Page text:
In 1903, when Japanese and Mexican immigrant workers wanted to unionize in California, the American Federation of Labor denied them a union charter, refusing to work with non-whites. The Industrial Workers of the World, on the other hand, embraced workers of all colors, as long as they were a little red. At less than $4 an hour, some Mexican workers in Brooklyn today earn little more than they would have in 1903and these workers are again turning to the IWW.
Aboard the tugboats churning through New York harbor are workers who push and pull with their hands and their lives. Their mission is expediency. Their goal is to get home safe to the families and dry clothes they left on land.
My mother loved pears, the shape of them. When my parents moved into an apartment, she seized the opportunity to ditch the Danish modern table we’d grown up around, and drew a big pear. She hunted down a beautiful slab of dark marble embedded with oyster shells, and had it cut into the shape of the pear.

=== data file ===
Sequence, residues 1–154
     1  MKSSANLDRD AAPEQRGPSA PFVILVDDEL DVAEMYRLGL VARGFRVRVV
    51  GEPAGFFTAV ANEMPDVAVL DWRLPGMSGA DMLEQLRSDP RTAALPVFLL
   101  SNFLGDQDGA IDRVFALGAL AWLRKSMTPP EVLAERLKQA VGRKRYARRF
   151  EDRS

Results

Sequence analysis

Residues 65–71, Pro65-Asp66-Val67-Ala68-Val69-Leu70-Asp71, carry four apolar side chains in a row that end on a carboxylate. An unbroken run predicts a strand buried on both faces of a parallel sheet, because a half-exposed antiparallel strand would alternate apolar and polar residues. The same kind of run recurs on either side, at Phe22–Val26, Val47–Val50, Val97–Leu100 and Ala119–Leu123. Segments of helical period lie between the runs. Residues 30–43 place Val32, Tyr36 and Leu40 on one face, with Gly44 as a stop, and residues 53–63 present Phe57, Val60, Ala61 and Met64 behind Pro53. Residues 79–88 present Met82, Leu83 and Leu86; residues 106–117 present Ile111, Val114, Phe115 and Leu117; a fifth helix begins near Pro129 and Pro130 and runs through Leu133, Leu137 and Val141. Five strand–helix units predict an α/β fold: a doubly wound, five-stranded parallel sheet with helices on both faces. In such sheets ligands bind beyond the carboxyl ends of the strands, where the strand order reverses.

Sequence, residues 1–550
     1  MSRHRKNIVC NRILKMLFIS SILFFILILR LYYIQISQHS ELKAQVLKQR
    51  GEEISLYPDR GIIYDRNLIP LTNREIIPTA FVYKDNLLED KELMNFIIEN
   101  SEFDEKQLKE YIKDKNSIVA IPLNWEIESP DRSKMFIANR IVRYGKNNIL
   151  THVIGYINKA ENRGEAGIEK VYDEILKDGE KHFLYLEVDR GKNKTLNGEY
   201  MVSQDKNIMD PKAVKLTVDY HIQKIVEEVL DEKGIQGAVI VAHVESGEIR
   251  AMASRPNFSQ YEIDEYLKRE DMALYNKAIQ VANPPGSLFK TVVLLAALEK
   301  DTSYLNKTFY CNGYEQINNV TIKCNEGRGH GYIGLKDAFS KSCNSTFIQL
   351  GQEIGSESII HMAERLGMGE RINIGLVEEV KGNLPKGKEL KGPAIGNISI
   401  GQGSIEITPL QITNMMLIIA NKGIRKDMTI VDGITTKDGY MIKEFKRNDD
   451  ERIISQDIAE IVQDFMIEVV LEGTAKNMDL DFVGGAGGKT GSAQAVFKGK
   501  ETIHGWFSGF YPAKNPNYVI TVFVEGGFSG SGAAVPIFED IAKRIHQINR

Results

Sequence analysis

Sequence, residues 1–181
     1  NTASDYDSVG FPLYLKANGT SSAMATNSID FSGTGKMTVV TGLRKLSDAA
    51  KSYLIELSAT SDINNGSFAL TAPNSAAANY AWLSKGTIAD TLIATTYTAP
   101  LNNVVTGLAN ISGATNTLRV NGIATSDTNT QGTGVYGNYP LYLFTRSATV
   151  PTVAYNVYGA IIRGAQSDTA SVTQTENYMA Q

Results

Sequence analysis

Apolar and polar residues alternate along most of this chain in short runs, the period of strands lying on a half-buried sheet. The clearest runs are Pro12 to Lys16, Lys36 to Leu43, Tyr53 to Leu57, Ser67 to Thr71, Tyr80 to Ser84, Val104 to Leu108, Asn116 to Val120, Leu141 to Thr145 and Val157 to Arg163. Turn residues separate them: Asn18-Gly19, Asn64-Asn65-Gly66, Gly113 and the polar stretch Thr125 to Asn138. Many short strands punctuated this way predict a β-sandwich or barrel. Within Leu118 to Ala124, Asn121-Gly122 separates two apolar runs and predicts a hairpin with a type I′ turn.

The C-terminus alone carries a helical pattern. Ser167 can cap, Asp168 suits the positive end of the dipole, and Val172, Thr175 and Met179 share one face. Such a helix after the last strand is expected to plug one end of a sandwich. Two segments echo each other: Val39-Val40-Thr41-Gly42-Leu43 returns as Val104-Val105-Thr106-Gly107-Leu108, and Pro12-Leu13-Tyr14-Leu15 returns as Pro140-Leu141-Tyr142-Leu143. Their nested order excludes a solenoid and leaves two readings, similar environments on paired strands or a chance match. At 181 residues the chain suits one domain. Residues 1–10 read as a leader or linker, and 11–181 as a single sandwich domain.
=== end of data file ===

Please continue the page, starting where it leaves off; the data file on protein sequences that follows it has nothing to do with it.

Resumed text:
As the queer community continues its crusade towards greater visibility and enjoys the benefits of mainstream representation, there remains a vulnerable sub-group that has yet to enjoy these fruits of progress, and instead grows at an alarming rate: homeless queer youth.
Nasreen Alkhateeb, an Iraqi-American filmmaker, sculptor, photographer and painter, describes herself as a constant outsider.
The news came with a knock on the door just before 6 a.m. One of Max Abelsons neighbors was out in the hall. Had he heard? It was all over the news. Starrett City was on the block.
Step out onto Brooklyn’s streets this month and you won’t miss the outpouring of mothers and their charges returning to sidewalks and playgrounds from the Brooklyn Heights Promenade to Dyker Beach Park. Watching this springtime resurgence, it’s easy to forget that mothering today is as politically charged as ever.